In addition, Aetna is in the process of pursuing contracts with out-of-network physicians currently servicing high volumes of Penn State employees and families in an effort to bring them into Aetna’s network.

Questions also focused on prescription drug coverage, and Gray said that the transition to CVS Caremark does not mean employees will only be able to use CVS pharmacies to fill prescriptions. Faculty and staff will be able to use various chain and independent retail pharmacies in the CVS network, along with University Health Services for their various prescription needs. More information about prescription coverage will be available in October, but Gray listed several large retailers such as Giant, Target, RiteAid and Walmart, where employees will still be able to have prescriptions filled. CVS Caremark has 68,000 retail pharmacies across the country in its network.

“While we partner and work directly with Aetna and CVS Caremark, it's important to remember that ultimately Penn State remains self-insured and that all health care and benefits decisions are made by the University with potential ramifications for employees and their families always in mind,” Jones said.

In response to questions about potential changes in premiums, copays, deductibles and out-of-pocket maximums for 2018 health care coverage, Jones said that like most years there could be minor adjustments, but any plan design and cost sharing changes are not a direct result of the new TPAs.

Gray and Jones encouraged faculty and staff members to visit the 2018 Benefits Open Enrollment microsite for more information about the plan design and cost-sharing changes, and to participate in an upcoming in-person meeting or webinar. Aetna and CVS Caremark will also have dedicated member services lines for Penn State employees and families. Employees can also contact HR Shared Services at or 814-865-1473 for assistance, but are always encouraged to consult with their doctors when making medical decisions.

This fall’s 2018 Benefits Open Enrollment period will be the last such enrollment to take place through the Employee Self-Service Information Center (ESSIC), and the University will transition to Workday, a new human resources and payroll system, in December 2017.

Faculty and staff members will be able to use the secure online system to access and update information such as addresses, direct deposit accounts, benefits selections and tax withholdings, and some employees will also submit time worked and time off through the system. To help make training on the new system as convenient as possible, online courses and in-person training will begin for employees in October.

“The University has been running business enterprise systems on 30-year-old homegrown technology that no longer meets the needs of our large and diverse institution. Plus, with retirements, we're running out of staff members who have the skills to continue to maintain and update these systems,” Gray said. “Workday will be a much more streamlined, user-friendly resource for Penn State employees to conduct University business. It also will help Penn State keep pace with changing times and regulations around payroll and human resources.”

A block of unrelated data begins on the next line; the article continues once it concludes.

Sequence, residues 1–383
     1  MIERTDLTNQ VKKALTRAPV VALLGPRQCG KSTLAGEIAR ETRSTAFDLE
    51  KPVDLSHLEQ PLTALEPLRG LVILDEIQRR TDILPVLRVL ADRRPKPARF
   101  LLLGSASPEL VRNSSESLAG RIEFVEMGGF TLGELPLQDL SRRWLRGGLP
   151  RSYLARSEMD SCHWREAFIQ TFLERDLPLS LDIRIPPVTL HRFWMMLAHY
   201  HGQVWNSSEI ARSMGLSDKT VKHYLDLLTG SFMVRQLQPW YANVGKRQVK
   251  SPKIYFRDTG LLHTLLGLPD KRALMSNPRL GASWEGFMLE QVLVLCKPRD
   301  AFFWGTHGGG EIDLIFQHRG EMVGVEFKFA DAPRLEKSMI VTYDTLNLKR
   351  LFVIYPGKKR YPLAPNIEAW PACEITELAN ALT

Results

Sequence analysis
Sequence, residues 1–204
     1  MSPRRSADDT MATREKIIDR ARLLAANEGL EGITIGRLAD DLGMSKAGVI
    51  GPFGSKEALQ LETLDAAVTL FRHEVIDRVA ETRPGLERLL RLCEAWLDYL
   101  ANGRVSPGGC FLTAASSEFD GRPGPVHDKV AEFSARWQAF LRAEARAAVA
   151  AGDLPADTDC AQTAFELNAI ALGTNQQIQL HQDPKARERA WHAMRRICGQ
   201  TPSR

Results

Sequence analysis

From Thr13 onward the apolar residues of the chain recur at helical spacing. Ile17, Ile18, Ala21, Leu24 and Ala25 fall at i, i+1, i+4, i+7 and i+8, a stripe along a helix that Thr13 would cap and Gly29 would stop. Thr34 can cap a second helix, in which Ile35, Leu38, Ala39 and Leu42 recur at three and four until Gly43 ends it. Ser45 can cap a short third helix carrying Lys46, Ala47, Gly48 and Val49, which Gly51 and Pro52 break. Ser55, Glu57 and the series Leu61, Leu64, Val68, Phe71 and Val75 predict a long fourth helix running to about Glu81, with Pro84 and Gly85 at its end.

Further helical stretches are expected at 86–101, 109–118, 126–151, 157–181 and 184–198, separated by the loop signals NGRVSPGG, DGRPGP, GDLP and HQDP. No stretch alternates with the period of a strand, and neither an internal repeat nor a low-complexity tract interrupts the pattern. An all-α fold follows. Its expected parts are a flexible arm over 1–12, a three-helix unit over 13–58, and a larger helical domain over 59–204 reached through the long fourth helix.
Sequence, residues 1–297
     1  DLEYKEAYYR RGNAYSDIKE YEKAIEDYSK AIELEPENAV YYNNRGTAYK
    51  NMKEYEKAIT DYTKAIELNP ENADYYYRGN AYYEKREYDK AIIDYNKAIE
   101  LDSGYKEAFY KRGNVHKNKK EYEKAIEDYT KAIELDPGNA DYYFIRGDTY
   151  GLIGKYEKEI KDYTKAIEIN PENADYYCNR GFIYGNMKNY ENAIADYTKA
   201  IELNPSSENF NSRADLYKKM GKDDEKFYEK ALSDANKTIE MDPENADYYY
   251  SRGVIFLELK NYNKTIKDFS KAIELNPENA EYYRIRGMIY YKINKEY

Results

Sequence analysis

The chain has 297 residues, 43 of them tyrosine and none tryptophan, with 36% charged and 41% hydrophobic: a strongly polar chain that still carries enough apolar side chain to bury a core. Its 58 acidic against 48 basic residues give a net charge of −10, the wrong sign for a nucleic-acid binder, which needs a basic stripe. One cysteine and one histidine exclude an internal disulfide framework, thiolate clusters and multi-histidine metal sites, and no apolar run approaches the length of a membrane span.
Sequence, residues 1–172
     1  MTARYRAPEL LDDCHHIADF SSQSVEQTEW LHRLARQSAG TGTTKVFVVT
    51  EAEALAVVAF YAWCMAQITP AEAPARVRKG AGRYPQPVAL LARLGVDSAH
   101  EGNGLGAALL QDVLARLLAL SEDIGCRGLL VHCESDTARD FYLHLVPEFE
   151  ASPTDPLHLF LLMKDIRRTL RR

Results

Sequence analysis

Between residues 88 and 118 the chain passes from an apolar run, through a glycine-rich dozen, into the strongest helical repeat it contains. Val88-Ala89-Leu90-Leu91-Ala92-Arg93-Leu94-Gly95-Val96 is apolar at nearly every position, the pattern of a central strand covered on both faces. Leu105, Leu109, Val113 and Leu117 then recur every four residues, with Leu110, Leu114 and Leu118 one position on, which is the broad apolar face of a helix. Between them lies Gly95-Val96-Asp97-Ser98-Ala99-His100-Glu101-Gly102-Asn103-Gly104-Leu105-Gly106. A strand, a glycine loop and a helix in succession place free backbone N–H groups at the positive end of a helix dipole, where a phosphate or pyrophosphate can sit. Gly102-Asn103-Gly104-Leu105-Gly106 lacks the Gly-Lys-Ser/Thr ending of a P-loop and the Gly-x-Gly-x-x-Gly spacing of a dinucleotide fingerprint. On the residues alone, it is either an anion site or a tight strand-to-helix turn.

Other questions during the Town Hall focused on employee training and career development, raises, retirement, the recent Voluntary Retirement Plan, and the University's tobacco-free task force, among many other subjects.

On the topic of healthy living, Jones said employees will continue to be able to take advantage of member fitness programs, such as discounts at commercial gyms, through Aetna. In response to a question about Rec Hall, Jones said the facility is available to those who have a Campus Recreation membership. He added that the University is continuing conversations about how to make the facility accessible to all faculty and staff members, and that any changes will be communicated.

With regard to enterprise system transitions and other ongoing changes happening across the University, Gray asked employees to stay engaged.

“We know that we all have a bit of change fatigue, I feel it too, but hang in there,” Gray said. “To maintain our edge as a global research institution, change is unavoidable. The nature of our world is dynamic, and the administration is doing our best to not have it feel like a tsunami, and to sequence changes, like with the business enterprise systems, in a way that is manageable for everyone.”

Jones and Gray encouraged faculty and staff members to continue to offer input and feedback about topics that are meaningful and important to them.

“We value your input and want you to tell us what's working, what's not and if you have questions, so that we can turn your feedback into something actionable to make Penn State the best it can be,” Jones said. “We're all in this together. Be part of the process, and get in there and roll up your sleeves. Penn State is an amazing institution filled with exceptional people serving students and communities across the Commonwealth and beyond. Thank you for what you do to make this a great institution.”

To view the Town Hall in its entirety, the session will be archived and available to watch online at

Since 2015, Town Hall meetings have provided opportunities for members of the Penn State community to receive updates on University initiatives, hear from leaders about key issues, discover how decisions are made, ask questions and provide feedback. Town Halls are sponsored by Penn State Today and the University Staff Advisory Council.

Last Updated September 29, 2017